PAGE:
Gov. Scott, legislative leaders work out budget deal

Special session to be held June 7 to June 9

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TALLAHASSEE, Fla. - Seeking to end weeks of feuding and finger-pointing, Florida Gov. Rick Scott and legislative leaders agreed Friday to hold a three-day special session where legislators will boost money for schools and spend more on economic development efforts pushed by the governor.

Scott announced the initial details with House Speaker Richard Corcoran and Senate President Joe Negron at a hastily-arranged press conference at the Miami International Airport.

"I think it's a win for Florida families, which is the most important thing for me," Scott said.

The special session, which could cost as much as $72,000 a day, will begin Tuesday.

The Republican governor, upset that legislators ignored many of his top priorities during the regular session that ended in May, warned he could veto a new state budget and force lawmakers back to the Capitol.

He had complained that GOP legislators were killing jobs and could wreck the state's economy with their push for cuts to the state's tourism marketing agency and the organization responsible for luring companies to the state.

Under a deal forged in the last few days, Scott will sign a roughly $82 billion budget. But legislators have agreed to give Visit Florida the same level of money it received this year. Initially, legislators had voted to slash money for the tourism marketing agency by two-thirds.

The state will also set aside $85 million to help lure companies, but the money cannot be used as incentive for a specific company. Instead, it will be spent on workforce training, as well as public works projects such as roads.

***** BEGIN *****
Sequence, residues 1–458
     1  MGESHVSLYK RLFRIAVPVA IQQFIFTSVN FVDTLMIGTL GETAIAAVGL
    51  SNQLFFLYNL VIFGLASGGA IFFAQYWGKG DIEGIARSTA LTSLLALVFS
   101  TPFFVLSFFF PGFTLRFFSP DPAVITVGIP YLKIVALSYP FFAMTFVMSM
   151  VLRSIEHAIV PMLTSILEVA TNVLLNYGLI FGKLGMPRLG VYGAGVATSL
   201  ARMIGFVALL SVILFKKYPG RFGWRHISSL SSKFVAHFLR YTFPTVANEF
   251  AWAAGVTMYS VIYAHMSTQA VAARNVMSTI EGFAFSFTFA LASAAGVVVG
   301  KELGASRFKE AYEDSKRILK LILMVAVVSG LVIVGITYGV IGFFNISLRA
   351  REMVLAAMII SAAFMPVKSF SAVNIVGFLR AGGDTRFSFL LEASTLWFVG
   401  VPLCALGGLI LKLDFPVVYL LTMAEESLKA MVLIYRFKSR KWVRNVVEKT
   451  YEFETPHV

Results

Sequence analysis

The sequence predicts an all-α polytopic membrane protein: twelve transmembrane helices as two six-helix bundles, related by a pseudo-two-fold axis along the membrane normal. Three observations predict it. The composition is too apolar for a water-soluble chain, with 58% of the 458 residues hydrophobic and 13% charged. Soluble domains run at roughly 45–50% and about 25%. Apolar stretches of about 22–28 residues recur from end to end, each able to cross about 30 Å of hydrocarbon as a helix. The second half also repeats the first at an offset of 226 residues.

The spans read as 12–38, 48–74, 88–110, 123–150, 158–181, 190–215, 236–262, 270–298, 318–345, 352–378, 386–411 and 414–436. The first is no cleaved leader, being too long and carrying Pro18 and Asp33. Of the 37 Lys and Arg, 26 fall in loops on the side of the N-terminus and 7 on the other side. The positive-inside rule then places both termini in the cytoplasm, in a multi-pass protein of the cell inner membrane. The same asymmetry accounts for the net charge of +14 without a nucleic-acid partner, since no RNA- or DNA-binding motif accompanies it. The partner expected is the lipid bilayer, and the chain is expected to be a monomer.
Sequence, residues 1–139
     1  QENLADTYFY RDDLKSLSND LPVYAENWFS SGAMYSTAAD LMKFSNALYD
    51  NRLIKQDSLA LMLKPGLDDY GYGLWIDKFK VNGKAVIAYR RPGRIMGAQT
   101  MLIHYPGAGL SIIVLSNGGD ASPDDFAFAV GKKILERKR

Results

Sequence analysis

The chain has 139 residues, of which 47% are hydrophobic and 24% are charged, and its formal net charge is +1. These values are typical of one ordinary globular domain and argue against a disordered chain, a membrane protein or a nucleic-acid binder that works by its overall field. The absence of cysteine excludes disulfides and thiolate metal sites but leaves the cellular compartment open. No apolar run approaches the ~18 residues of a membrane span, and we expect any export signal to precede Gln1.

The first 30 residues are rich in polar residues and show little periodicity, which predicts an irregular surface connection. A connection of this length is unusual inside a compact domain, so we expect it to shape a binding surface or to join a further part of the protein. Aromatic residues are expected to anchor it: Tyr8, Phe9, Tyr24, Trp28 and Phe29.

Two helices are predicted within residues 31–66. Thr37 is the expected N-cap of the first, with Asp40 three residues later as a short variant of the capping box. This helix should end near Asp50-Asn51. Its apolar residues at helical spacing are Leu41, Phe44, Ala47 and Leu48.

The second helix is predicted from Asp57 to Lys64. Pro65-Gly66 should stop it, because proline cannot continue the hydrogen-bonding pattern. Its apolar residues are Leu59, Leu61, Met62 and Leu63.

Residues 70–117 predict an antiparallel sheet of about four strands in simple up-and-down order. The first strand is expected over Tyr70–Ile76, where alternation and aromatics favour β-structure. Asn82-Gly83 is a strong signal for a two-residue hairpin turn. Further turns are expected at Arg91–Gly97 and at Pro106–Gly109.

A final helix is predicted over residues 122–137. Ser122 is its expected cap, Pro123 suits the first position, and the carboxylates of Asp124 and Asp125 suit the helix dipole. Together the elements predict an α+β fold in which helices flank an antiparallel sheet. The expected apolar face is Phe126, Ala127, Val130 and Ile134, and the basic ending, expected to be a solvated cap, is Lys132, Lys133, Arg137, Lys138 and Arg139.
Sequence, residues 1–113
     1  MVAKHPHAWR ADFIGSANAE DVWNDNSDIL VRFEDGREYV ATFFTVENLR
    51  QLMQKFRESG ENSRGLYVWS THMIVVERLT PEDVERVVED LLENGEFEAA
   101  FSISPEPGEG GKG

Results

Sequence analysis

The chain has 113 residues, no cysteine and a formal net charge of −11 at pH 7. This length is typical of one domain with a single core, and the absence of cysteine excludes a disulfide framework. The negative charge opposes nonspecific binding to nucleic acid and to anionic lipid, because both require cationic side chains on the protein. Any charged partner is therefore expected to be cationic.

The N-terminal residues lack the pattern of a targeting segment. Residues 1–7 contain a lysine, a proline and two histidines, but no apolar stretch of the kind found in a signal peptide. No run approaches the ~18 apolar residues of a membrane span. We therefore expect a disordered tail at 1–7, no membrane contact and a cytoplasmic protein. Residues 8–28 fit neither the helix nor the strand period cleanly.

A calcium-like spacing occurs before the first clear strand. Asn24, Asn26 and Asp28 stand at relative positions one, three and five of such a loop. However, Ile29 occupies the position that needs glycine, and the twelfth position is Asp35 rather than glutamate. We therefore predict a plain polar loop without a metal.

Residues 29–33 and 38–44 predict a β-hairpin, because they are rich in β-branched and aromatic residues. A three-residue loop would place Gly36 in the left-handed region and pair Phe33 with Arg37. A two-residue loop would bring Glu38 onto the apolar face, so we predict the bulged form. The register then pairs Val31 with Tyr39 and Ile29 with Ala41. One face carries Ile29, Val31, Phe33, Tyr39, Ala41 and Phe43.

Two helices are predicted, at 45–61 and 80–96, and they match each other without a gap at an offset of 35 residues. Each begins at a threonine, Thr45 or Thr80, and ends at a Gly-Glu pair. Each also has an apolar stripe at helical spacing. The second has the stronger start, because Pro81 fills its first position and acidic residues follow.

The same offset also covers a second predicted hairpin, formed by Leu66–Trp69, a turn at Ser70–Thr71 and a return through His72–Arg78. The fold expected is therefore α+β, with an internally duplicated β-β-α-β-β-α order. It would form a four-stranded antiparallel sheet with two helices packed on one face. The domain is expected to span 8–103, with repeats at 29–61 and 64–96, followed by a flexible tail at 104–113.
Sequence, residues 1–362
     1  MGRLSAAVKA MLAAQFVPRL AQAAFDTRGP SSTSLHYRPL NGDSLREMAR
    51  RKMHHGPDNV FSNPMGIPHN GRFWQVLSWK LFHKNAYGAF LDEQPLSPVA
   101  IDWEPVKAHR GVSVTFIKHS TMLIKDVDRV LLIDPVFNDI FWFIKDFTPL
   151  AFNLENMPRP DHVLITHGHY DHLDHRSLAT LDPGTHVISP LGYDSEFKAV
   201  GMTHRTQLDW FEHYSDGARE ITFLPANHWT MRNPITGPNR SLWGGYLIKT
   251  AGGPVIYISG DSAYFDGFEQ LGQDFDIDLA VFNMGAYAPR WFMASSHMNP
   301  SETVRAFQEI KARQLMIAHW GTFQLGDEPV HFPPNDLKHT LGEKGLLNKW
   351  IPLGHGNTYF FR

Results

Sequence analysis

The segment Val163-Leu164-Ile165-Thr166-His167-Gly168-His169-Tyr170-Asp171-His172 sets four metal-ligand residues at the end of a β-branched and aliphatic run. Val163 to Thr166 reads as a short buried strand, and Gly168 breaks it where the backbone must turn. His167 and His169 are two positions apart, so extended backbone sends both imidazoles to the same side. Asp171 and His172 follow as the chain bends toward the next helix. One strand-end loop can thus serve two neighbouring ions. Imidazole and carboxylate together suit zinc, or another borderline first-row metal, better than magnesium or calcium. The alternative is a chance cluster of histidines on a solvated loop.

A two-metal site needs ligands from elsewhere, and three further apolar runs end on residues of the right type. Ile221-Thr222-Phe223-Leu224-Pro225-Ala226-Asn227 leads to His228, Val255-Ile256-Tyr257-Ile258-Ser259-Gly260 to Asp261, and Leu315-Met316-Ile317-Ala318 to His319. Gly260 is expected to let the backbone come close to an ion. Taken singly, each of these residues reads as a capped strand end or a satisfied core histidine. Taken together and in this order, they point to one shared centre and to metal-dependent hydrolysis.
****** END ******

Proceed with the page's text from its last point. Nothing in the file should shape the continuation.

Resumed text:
READ: Proclamation to declare special session

During the session, lawmakers will also pour in enough money to increase the amount spent on each public school student by $100 more.

The money to pay for the new spending will come from the $410 million that Scott is expected to veto from the budget. Scott is expected to release a detailed list later on Friday.

Corcoran, who had railed against economic development spending as "corporate welfare," insisted there has been a "meeting of minds" because the state will no longer offer money directly to one business.

"Just because there are two people who are warriors who fight for what they believe in, doesn't mean they can't compromise," Corcoran said. "We reached a nice common ground."

The governor, however, refused to say whether or not the deal reached with legislators is contingent on him approving a sweeping education bill that was put together secretly in the waning days of the regular session.

"The only person who would know is me," Scott told reporters.

The legislation is a top priority for Corcoran and would steer more state and local money to privately run charter schools by creating a $140 million "Schools of Hope" program. The legislation (HB 7069) also mandates recess in elementary schools, expands virtual education courses to private and home-schooled students, tweaks Florida's testing system and includes bonuses for teachers.

School superintendents, parent-teacher groups, and the state's teacher union have been calling on Scott to veto the bill.

Corcoran, who has been considering a run for governor next year, said he was "optimistic" that the governor would sign it.

Democrats who opposed the education bill quickly lambasted Scott and Republicans. Sen. Jeff Clemens, a Lake Worth Democrat, contended that Corcoran had reversed his position on economic development in order to get the education bill signed.